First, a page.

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The COVID-19 Risks You May Take, And Create, While Traveling05:06
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Travel is a growing challenge in efforts to contain the coronavirus. Take the case of a man with COVID-19 symptoms who boards a flight to Massachusetts after a work trip to North Carolina. He doesn’t want to ride out a serious illness in a hotel room. A woman from the Boston area develops a sore throat, her first sign of COVID-19, as she and five companions drive north from Florida, dropping off three passengers in New Jersey.

And then there’s the family of four who lands at Logan Airport after visiting relatives in Texas. They’ve taken three flights and stayed overnight in a hotel because they missed a connection. Two days later, three members of the family test positive for the coronavirus. It’s hard to fathom all the surfaces they touched and the individuals they may have exposed to the virus.

“It’s a lot,” says Lorna Kiplagat, a contact tracer assigned all three cases, “a lot of people.”

Lorna Kiplagat at work on her laptop at her home. (Jesse Costa/WBUR)
Lorna Kiplagat at work on her laptop at her home. (Jesse Costa/WBUR)

Kiplagat says the travelers in each case isolated as soon as they got home. Her challenge, and that of Massachusetts' Community Tracing Collaborative, is to try and trace the trail of infection. The woman in the car from Florida couldn’t remember details about the rest areas or restaurants she’d stopped at along the way. With the airline passengers, Kiplagat can collect travel records: all the flight details, seat assignments and notes about movement on the plane.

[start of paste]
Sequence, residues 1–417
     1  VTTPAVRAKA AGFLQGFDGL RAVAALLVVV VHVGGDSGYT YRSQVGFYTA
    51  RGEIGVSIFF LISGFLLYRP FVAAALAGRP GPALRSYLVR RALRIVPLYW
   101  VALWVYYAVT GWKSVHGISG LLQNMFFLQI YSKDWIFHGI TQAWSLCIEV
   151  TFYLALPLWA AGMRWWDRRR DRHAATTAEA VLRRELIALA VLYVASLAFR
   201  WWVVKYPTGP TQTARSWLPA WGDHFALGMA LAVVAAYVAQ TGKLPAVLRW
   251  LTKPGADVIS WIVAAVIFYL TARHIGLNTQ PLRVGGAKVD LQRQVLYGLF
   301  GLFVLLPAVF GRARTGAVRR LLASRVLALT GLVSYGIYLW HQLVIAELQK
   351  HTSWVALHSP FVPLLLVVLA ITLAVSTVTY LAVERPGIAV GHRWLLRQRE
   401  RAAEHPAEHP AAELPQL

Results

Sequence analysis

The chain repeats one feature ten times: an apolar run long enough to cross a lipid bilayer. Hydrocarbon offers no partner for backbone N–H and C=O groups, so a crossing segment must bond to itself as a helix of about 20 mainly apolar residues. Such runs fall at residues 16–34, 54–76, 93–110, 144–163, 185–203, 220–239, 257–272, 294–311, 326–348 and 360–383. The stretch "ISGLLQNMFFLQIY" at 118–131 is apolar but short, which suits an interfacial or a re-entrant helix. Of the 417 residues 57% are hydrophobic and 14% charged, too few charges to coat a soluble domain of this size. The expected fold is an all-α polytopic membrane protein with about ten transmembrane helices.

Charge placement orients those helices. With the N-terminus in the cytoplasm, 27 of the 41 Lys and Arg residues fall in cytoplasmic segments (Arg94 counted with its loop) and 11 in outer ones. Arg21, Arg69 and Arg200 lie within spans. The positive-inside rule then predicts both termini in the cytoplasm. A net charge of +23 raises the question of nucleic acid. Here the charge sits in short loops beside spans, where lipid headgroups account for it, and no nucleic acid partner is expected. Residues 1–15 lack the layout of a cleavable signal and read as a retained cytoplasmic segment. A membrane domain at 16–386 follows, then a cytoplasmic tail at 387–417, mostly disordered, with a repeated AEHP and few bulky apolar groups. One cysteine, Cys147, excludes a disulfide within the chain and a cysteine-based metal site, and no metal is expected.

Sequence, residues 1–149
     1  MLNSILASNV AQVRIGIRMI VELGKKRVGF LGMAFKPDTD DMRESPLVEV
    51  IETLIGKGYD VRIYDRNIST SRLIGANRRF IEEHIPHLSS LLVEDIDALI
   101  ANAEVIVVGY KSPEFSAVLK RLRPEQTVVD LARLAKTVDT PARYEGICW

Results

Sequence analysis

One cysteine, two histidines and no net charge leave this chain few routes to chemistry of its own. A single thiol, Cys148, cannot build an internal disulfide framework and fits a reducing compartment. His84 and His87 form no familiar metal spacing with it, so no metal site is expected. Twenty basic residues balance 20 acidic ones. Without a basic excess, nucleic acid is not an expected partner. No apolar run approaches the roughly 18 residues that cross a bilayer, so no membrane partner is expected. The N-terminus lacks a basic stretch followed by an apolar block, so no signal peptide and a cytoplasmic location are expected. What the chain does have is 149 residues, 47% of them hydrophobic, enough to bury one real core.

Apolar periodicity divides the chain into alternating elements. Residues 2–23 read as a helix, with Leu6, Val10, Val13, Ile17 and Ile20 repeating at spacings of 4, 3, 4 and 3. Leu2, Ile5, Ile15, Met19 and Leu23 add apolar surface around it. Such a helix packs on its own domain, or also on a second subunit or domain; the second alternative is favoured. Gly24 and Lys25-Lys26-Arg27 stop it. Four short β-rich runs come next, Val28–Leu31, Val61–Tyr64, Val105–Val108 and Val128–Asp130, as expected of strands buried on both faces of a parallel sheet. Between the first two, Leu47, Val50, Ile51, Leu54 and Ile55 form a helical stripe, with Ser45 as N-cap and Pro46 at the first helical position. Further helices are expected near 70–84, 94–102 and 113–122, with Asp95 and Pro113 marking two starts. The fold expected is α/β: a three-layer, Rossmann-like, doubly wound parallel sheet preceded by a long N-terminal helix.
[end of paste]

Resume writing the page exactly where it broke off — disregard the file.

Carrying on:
“Then you send that off,” says Kiplagat, who is on loan to the contact tracing program from the Lowell Community Health Center. “You can’t follow after that, you don’t know.”

Signage on the Zakim Bridge echoed the travel order that went into effect on Aug. 1. (Jesse Costa/WBUR)
Signage on the Zakim Bridge echoed the travel order that went into effect on Aug. 1. (Jesse Costa/WBUR)

Kiplagat can't be sure what happens after the information gets passed on to other agencies and states. There’s little chance fellow air passengers will be warned about a potential exposure in a timely manner. Here are the steps to making a notification:

  • Kiplagat sends an urgent message to her supervisor
  • The supervisor alerts the Massachusetts Department of Public Health (DPH)
  • DPH sends the flight and seat info to the Centers for Disease Control in Atlanta
  • The CDC says it asks the airline or airlines for a passenger list to determine who sat within six feet of the people infected.
  • When the CDC receives names and contact details, the federal agency notifies relevant local health departments
  • The state, country or municipal health officials contact passengers who may have been exposed.

Each step is a delay that makes tracing a case and getting to someone who may be spreading the virus more difficult, says Adriane Casalotti, chief of government and public affairs with the National Association of City and County Health Officials.

Casalotti says her members, the key contact tracers in most states, are already frustrated by testing shortages and delayed test results as they try to contain the virus.

“When you look at these multi-state, multi-methods of transportation challenges, it really is daunting,” she says.

Travelers can help by wearing masks, staying at least six feet from anyone besides their regular close contacts and washing their hands often. Here’s another tip from Joe Allen, an associate professor at Harvard’s Chan School of Public Health: Be extra careful before you even board a flight.

“The time on the airplane is probably the lowest risk for the whole travel experience when you’re flying,” says Allen. That’s because cabin air passes through purifying filters, known as HEPA filters, as recommended by the CDC and is replaced 10-12 times an hour.